Credit Rating Definitions

Long-Term Credit Ratings

Credit ratings are based, in varying degrees, on the following considerations:

  • Likelihood of payment-capacity and willingness of the obligor to meet its financial commitment on an obligation in accordance with the terms of the obligation;
  • Nature of and provisions of the obligation;
  • Protection afforded by, and relative position of, the obligation in the event of bankruptcy, reorganization, or other arrangement under the laws of bankruptcy and other laws affecting creditors' rights.

The credit rating definitions are expressed in terms of default risk. As such, they pertain to senior obligations of an entity. Junior obligations are typically rated lower than senior obligations, to reflect the lower priority in bankruptcy, as noted above. (Such differentiation applies when an entity has both senior and subordinated obligations, secured and unsecured obligations, or operating company and holding company obligations.) Accordingly, in the case of junior debt, the rating may not conform exactly with the category definition.

AAA

An obligation rated 'AAA' has the highest rating assigned by Egan-Jones's. The obligor's capacity to meet its financial commitment on the obligation is extremely strong.

AA

An obligation rated 'AA' differs from the highest-rated obligations only to a small degree. The obligor's capacity to meet its financial commitment on the obligation is very strong.

A

An obligation rated 'A' is somewhat more susceptible to the adverse effects of changes in circumstances and economic conditions than obligations in higher-rated categories. However, the obligor's capacity to meet its financial commitment on the obligation is still strong.

BBB

An obligation rated 'BBB' exhibits adequate protection parameters. However, adverse economic conditions or changing circumstances are more likely to lead to a weakened capacity of the obligor to meet its financial commitment on the obligation.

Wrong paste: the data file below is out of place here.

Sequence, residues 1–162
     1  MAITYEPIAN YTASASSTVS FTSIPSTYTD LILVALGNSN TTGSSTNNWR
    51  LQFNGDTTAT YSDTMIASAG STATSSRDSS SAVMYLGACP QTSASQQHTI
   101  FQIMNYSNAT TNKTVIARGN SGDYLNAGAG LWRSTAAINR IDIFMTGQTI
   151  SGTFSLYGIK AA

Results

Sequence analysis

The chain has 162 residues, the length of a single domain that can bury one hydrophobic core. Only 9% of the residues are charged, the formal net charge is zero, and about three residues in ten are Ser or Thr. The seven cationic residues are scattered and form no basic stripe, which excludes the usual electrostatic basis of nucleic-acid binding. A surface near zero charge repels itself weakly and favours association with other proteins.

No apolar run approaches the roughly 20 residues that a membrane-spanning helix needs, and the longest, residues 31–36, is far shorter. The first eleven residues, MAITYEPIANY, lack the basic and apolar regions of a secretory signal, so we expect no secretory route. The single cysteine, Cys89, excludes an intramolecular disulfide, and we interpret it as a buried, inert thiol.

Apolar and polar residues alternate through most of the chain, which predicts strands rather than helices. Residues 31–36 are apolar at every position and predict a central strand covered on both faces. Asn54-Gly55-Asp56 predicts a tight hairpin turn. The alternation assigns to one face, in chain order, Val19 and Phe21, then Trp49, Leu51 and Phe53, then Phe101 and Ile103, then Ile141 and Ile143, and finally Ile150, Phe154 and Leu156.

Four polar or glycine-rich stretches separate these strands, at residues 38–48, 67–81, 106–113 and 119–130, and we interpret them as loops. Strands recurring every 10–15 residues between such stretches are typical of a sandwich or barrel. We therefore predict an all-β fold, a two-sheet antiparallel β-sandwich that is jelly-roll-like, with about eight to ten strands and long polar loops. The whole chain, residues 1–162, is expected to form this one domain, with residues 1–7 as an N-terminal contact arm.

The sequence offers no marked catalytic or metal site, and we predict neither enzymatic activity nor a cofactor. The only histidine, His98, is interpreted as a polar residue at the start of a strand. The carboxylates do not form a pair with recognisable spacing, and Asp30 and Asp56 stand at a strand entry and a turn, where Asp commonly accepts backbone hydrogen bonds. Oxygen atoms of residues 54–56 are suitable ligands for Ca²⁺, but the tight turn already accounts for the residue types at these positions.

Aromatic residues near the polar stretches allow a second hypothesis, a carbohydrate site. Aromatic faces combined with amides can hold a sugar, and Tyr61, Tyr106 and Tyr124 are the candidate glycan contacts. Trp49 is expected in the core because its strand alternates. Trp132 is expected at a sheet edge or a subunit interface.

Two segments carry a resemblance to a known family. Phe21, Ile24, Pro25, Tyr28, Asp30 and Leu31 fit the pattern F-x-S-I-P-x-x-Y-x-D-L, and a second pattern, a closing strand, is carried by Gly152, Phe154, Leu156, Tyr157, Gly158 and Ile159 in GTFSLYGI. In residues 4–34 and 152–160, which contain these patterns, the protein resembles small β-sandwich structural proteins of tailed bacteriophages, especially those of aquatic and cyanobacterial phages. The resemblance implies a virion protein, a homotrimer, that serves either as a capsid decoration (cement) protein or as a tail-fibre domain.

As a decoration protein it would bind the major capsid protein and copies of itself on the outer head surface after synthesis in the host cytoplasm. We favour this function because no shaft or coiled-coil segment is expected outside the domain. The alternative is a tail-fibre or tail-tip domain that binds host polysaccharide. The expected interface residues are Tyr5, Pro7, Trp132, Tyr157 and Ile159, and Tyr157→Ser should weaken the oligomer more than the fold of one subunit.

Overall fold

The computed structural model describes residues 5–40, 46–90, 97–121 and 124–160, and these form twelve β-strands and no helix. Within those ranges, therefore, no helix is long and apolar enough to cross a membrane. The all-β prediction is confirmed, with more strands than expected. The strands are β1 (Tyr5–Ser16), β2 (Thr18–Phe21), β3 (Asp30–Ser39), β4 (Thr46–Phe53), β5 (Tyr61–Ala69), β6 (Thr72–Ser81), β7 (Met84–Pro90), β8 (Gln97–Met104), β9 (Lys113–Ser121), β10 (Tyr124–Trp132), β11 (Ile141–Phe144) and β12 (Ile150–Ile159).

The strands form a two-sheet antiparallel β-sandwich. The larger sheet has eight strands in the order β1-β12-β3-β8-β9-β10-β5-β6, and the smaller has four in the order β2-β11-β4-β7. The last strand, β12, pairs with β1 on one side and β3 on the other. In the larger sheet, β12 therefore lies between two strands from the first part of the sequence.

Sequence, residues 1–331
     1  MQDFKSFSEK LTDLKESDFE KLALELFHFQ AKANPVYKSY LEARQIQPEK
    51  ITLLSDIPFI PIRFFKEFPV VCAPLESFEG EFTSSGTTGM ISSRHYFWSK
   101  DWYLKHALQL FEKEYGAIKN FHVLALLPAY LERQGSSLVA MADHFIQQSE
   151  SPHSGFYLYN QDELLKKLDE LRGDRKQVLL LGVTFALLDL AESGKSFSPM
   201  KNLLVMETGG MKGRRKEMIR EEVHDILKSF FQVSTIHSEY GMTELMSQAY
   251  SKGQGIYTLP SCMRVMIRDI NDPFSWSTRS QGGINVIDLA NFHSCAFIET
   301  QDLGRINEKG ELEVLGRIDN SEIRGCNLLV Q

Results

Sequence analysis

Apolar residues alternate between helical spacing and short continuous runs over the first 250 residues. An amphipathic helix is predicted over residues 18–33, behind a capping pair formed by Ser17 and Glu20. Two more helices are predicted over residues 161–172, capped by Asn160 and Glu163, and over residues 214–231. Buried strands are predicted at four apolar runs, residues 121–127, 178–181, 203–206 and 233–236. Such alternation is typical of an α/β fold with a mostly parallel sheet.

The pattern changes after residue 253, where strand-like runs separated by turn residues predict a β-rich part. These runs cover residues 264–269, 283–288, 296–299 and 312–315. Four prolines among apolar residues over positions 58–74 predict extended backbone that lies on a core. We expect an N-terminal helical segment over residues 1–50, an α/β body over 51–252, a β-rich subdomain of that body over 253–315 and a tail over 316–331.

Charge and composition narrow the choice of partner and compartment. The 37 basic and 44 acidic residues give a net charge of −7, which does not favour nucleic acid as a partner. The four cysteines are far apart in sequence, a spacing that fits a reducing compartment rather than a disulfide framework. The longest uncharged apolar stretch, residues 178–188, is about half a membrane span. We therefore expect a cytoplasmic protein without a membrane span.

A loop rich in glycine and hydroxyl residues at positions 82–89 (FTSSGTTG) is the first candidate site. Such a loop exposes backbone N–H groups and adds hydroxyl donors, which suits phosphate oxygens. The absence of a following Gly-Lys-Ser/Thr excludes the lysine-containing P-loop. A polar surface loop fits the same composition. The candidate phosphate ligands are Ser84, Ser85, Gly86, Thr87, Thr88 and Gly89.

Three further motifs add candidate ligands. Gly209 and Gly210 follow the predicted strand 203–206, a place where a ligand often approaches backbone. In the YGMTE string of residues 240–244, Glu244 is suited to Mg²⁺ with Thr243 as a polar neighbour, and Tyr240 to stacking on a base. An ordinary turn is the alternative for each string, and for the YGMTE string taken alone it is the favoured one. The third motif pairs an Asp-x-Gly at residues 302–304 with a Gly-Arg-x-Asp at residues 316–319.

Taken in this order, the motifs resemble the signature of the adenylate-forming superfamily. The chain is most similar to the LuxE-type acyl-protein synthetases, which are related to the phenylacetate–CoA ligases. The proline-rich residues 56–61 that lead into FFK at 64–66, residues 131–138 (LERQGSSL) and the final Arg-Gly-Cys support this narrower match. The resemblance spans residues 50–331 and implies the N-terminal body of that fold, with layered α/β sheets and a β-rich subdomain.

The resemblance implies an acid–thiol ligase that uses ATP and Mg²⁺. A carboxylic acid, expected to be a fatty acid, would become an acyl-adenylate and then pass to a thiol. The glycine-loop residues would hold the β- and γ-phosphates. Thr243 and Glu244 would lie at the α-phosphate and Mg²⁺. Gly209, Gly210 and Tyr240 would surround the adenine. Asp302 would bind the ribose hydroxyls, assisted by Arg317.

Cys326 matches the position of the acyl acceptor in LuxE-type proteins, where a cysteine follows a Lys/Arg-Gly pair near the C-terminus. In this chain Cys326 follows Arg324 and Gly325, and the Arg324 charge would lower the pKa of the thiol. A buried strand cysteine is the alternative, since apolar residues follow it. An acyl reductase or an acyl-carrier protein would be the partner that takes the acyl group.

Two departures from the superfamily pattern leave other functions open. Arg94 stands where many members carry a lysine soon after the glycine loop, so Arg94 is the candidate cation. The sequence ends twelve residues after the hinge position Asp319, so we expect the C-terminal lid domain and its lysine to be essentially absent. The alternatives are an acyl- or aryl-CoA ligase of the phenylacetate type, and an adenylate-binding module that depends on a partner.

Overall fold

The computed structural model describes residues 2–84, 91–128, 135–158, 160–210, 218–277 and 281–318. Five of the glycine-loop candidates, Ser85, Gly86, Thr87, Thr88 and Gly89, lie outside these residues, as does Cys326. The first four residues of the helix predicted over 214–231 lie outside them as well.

BB, B, CCC, CC, and C

Obligations rated 'BB', 'B', 'CCC', 'CC', and 'C' are regarded as having significant speculative characteristics. 'BB' indicates the least degree of speculation and 'C' the highest. While such obligations will likely have some quality and protective characteristics, these may be outweighed by large uncertainties or major exposures to adverse conditions.

BB

An obligation rated 'BB' is less vulnerable to nonpayment than other speculative issues. However, it faces major ongoing uncertainties or exposure to adverse business, financial, or economic conditions which could lead to the obligor's inadequate capacity to meet its financial commitment on the obligation.

B

An obligation rated 'B' is more vulnerable to nonpayment than obligations rated 'BB', but the obligor currently has the capacity to meet its financial commitment on the obligation. Adverse business, financial, or economic conditions will likely impair the obligor's capacity or willingness to meet its financial commitment on the obligation.

CCC

An obligation rated 'CCC' is currently vulnerable to nonpayment, and is dependent upon favorable business, financial, and economic conditions for the obligor to meet its financial commitment on the obligation. In the event of adverse business, financial, or economic conditions, the obligor is not likely to have the capacity to meet its financial commitment on the obligation.

CC

An obligation rated 'CC' is currently highly vulnerable to nonpayment.

C

A subordinated debt or preferred stock obligation rated 'C' is currently highly vulnerable to nonpayment. The 'C' rating may be used to cover a situation where a bankruptcy petition has been filed or similar action taken, but payments on this obligation are being continued. A 'C' also will be assigned to a preferred stock issue in arrears on dividends or sinking fund payments, but that is currently paying.

D